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press gallery claims
Posted By -NO AUTHOR- On 08/09/2002 @ 1:00 am In Front Page | Comments Disabled
WASHINGTON, D.C. – E-mails written last year by a Senate Press Gallery official call into question the veracity of statements made by the official and members of the gallery’s Standing Committee of Correspondents at an April 15 hearing to appeal the panel’s denial of credentials for WorldNetDaily.
The documents also reveal that committee members apparently delayed formal review of the popular newssite’s press-pass application for at least seven months. They waited a full year before finally deciding.
Reporters need hard passes to freely cover Congress, and the committee picks which news organizations qualify for them.
At the hearing, committee chairman William L. Roberts III of Bloomberg News maintained that the panel met to discuss WND’s application “not long after you sent it” on Feb. 8, 2001.
Pressed to be more specific, gallery deputy director Stephen J. “Joe” Keenan — a federal employee who serves as “liaison” to the Standing Committee –
interjected to affirm that the committee first met regarding WND three months later, on May 5, 2001.
But that wasn’t right, either.
The committee later took the liberty of amending the record: “The correct date is April 23, 2001,” it quietly inserted into the official transcripts of the hearing.
But that’s not what Keenan indicated last year in e-mails to WND.
Has the committee met to decide on WND’s credentials? queried WND in a June 2001 e-mail to Keenan.
“Not yet,” Keenan said in his June 26, 2001, reply. “They have three new applications to deal with, so they should do so soon.”
Asked if WND’s application would be included with the others for consideration at that meeting, Keenan answered, “Yes.”
(In each of Keenan’s replies, he cut away the history. That is, he deleted the question in the original message, so that it would not show up in his reply. He claimed at the hearing that he no longer has any of the e-mails.)
When no word came, WND asked for an update. Over the phone, Keenan claimed the committee didn’t meet.
In August, WND followed up again. Had the panel met on WND’s press credentials?
“They still haven’t met,” Keenan stated in his Aug. 27, 2001, reply. “As you probably know, everyone leaves D.C. in August. With Congress gone and the President [sic] in Texas, the gallery is empty.”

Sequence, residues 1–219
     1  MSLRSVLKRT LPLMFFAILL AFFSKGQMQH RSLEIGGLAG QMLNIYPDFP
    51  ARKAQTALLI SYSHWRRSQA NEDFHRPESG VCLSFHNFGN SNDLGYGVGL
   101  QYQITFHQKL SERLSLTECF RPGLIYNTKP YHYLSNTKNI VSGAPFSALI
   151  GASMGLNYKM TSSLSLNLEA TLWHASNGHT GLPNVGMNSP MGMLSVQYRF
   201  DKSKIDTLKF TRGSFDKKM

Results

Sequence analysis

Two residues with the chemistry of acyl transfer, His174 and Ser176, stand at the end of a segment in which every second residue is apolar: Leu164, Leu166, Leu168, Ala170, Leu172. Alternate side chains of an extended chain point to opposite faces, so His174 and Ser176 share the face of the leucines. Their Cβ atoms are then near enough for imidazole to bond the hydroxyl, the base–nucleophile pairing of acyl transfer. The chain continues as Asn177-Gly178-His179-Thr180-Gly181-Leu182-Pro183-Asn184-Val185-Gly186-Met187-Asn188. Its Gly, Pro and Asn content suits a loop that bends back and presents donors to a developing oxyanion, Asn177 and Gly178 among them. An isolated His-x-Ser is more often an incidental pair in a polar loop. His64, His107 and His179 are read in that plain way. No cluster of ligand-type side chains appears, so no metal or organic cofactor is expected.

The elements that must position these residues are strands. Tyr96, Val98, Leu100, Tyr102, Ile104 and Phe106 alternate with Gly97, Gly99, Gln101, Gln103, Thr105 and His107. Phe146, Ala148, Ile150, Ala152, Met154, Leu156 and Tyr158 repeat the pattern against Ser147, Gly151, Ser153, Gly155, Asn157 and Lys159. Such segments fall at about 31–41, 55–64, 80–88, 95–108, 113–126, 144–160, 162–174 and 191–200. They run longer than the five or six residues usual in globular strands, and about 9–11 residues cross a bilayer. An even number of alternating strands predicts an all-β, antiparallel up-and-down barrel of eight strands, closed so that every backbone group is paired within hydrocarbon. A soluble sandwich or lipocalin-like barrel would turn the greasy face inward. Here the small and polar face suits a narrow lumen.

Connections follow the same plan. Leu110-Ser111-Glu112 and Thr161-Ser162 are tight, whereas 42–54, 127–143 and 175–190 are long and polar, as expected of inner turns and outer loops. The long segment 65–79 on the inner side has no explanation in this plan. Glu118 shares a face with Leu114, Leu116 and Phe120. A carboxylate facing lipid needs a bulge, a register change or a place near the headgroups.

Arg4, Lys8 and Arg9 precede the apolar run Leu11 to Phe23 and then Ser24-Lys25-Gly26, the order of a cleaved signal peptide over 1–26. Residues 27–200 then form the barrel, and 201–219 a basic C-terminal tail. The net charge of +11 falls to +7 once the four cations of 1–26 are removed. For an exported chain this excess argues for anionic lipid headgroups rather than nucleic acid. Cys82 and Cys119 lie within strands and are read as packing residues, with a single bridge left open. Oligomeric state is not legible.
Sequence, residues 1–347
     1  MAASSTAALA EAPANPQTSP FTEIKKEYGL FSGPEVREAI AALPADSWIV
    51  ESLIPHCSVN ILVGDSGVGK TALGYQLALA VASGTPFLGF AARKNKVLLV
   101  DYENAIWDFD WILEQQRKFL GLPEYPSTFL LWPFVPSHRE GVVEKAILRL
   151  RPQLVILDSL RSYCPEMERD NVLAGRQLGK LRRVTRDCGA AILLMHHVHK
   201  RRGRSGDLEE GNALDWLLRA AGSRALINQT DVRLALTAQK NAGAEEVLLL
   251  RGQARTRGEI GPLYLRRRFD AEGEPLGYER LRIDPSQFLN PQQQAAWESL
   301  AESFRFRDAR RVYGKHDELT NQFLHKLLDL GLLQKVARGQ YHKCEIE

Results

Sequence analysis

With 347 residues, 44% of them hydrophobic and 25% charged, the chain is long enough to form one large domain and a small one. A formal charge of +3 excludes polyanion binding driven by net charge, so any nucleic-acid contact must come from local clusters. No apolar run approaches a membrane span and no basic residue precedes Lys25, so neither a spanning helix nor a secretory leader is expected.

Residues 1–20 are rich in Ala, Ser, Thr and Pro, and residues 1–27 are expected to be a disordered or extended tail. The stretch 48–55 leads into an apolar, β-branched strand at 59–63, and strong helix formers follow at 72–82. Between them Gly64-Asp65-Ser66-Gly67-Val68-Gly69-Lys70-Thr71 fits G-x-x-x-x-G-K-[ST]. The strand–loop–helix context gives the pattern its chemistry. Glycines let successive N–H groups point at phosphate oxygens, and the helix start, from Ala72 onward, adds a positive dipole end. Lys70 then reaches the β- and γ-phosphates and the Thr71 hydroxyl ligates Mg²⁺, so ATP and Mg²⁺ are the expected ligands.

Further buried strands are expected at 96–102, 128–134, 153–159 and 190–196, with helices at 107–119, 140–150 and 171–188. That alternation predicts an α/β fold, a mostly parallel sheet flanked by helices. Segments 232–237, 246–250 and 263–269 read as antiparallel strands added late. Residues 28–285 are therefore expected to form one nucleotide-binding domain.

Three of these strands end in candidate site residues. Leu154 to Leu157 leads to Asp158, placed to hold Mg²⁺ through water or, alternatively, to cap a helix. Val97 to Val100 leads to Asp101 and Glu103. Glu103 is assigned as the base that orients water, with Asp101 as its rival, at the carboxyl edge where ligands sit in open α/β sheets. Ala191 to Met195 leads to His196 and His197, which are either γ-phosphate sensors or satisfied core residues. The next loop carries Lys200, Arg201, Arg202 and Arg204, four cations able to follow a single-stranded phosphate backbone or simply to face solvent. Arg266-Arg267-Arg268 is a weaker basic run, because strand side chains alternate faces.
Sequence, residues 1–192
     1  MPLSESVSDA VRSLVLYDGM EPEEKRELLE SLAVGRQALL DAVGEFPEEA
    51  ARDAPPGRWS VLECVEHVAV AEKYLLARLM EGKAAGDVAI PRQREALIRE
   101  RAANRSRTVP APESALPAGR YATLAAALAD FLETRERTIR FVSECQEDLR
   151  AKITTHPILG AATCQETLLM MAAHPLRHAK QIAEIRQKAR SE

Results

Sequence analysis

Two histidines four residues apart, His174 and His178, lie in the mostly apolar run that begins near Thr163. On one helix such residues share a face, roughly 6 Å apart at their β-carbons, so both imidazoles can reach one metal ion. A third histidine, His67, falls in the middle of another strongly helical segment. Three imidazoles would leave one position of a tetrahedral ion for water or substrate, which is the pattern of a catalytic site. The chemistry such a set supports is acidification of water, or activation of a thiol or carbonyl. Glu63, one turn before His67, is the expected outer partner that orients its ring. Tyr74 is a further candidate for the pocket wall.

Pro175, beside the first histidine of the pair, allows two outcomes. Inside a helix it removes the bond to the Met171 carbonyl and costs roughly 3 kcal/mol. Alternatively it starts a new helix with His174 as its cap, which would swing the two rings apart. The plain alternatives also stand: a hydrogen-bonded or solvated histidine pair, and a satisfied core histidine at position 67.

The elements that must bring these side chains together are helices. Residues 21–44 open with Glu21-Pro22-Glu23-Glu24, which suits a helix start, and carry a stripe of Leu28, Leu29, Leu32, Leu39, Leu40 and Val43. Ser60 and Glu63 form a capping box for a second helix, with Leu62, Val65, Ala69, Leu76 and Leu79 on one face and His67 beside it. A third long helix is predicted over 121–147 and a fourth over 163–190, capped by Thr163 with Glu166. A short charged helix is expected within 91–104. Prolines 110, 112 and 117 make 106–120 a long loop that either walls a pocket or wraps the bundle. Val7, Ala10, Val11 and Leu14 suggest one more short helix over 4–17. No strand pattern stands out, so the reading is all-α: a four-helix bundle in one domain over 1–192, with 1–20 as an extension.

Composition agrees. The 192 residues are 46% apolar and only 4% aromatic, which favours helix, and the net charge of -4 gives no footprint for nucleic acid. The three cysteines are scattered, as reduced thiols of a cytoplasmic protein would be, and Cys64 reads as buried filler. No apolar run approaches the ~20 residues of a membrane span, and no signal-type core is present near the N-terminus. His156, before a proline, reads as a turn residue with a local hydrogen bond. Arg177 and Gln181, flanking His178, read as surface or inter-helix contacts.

WND would have to wait until September to be considered, he said – seven months after it applied for a press badge.
“The committee will probably meet when everyone gets back after labor day [sic],” Keenan wrote.
Not until January 29, 2002 – nearly a year later – did the five-member committee finally meet to adjudicate WND’s application. By a 5-0 vote, they denied it.
Roberts refused to comment on the discrepancies, referring questions to the committee’s lawyer.
“Listen, I think I referred you to our attorney, didn’t I?” Roberts snapped when pressed.
Donna M. Smith who was on the committee last year, claims she doesn’t know when she and other members convened to discuss WND’s application.
“I don’t know,” the Reuters correspondent said in a phone interview. “I can’t recall.”
Committee counsel N. Frank Wiggins was asked last month in a letter from WND to review the inconsistencies in dates.
A few days later, Wiggins, an attorney with Venable LLP, said by phone: “Candidly, I didn’t go back and look at the part of the record that you cited to and stuff, because I wasn’t asked to” by Roberts.
“I’m just the lawyer here,” he said. “I’m not the decision-maker.”
Wiggins in February refused to turn over to WND’s legal team any documents generated by the committee in considering WND’s application. He claimed that neither discovery nor freedom-of-information rules applied to the Standing Committee of Correspondents, even though it is governed by the Senate Rules Committee.
Keenan, a Senate employee, says he didn’t save his copies of the e-mails he sent WND. He claims his computer automatically purged them, and apparently he did not print them out beforehand.
But according to Senate archivist Karen Paul, “All Senate employees are under National Archives guidelines to save anything that is record material, whether it’s faxes or e-mails.”
She added that if the computer-systems administrator in the press gallery doesn’t save e-mails electronically, staffers there are still supposed to “print them out and file them.”
WND counsel Richard D. Ackerman of the nonprofit U.S. Justice Foundation says he plans to point out the inconsistencies and record-keeping practices of the committee to the Senate Rules Committee, which is chaired by Sen. Chris Dodd , D-Conn.
“Given that the committee and its members can only act with direct instruction from the Speaker of the House and Sen. Dodd, I cannot believe that the Speaker or Sen. Dodd would have authorized lies like this,” Ackerman said.
“I know that Speaker (Dennis) Hastert (R-Ill.) and Sen. Dodd have much more respect for the First Amendment and the rights of journalists,” he added.
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